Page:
Breaches such as the 2012 Linkedin data breach are still having ripples throughout the social media world. The truth is that Linkedin had no idea how deep the breach went, and this is not unusual when it comes to hacked social media websites.

Linkedin accepted a lot of blame for that - passwords were stored in SHA1 with no salting, meaning they weren't as secure as they could have been. But we only know this from Leaked Source - how many other social media websites are lacking on the security of their users? 

It's time for users to get proactive. Change your passwords and ensure they're strong. Commonly used passwords during the Linkedin breach were '123456' and 'linkedin'. Passwords such as these are making it easy for bad guys - not only when it comes to large data leaks, but also they're also easy to brute force.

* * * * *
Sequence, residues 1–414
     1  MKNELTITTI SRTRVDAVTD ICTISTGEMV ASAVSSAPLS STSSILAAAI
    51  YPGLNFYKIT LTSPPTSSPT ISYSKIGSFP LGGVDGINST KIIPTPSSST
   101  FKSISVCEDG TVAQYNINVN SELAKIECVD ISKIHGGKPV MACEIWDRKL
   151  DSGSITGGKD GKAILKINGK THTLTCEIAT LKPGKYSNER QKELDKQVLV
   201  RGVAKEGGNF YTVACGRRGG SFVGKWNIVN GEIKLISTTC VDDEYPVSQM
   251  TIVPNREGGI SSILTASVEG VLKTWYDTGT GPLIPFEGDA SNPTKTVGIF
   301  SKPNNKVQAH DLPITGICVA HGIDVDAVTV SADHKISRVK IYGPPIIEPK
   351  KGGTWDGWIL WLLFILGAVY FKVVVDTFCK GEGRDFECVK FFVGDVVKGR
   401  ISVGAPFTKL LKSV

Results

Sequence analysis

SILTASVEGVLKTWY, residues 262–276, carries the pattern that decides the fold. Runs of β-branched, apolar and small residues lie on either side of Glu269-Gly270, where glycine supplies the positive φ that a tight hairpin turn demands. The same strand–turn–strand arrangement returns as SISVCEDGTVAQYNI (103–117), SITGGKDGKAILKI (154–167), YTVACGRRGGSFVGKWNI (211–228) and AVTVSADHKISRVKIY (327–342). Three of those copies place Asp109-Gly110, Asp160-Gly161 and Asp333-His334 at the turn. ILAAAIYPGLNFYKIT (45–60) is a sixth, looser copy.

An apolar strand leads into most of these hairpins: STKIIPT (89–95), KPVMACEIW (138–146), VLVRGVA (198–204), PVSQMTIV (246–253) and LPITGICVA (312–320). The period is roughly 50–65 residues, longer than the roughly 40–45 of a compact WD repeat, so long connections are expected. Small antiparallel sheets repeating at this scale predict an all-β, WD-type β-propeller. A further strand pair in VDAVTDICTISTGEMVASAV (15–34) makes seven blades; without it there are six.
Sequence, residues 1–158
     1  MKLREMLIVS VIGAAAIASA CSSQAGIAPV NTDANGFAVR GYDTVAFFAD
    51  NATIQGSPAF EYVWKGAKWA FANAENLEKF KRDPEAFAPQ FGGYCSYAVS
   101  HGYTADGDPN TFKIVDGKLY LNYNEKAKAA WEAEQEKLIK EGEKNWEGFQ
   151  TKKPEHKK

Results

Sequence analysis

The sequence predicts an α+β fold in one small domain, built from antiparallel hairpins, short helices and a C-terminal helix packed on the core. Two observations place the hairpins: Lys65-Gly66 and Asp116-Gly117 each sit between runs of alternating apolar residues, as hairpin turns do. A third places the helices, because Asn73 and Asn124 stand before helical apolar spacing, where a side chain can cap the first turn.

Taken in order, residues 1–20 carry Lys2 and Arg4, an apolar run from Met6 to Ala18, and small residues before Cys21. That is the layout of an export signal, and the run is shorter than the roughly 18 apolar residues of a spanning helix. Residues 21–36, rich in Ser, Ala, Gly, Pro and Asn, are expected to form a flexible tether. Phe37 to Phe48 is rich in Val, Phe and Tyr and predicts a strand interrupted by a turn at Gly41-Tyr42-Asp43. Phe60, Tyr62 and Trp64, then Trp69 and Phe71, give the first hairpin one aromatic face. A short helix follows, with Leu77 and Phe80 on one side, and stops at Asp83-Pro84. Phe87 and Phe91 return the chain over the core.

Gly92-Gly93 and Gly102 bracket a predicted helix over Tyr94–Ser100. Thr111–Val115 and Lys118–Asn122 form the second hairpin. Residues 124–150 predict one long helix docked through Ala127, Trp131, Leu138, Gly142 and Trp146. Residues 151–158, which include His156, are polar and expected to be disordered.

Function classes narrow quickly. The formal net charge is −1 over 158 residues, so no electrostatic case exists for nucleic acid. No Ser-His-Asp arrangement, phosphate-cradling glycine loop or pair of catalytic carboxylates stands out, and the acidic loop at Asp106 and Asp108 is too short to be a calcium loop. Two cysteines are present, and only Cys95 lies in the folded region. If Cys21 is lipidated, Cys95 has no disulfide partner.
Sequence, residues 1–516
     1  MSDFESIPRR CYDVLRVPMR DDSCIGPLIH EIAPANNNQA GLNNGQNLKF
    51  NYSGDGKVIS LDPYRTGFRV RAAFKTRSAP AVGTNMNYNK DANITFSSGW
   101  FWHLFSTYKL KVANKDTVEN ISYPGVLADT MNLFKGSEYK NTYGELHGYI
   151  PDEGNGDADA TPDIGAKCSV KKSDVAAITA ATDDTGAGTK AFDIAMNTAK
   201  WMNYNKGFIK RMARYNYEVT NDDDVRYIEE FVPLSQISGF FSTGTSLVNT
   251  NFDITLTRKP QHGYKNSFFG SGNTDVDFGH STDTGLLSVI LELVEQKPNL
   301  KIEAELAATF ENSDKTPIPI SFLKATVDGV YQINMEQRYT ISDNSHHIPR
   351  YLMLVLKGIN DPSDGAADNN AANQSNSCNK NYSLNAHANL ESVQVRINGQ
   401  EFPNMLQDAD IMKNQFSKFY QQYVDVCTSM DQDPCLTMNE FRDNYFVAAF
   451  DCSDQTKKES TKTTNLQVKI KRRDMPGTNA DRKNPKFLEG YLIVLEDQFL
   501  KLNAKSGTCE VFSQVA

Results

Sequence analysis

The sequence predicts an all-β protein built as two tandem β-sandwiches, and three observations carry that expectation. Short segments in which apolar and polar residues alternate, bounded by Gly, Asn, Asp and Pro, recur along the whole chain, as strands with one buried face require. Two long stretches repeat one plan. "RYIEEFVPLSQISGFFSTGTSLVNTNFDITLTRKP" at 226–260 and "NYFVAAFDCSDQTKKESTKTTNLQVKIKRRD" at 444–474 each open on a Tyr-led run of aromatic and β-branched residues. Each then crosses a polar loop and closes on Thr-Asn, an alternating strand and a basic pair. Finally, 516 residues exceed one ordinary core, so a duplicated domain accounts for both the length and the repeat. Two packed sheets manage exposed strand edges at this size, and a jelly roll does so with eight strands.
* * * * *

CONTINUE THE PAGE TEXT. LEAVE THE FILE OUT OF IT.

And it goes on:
Related Topics:

Between 35,000 and 40,000 credit cards exposed to hackers after coding errors led to SQL Injection.

760,935 Websites Compromised in a Year

PHP Extract Backdoor Resurgence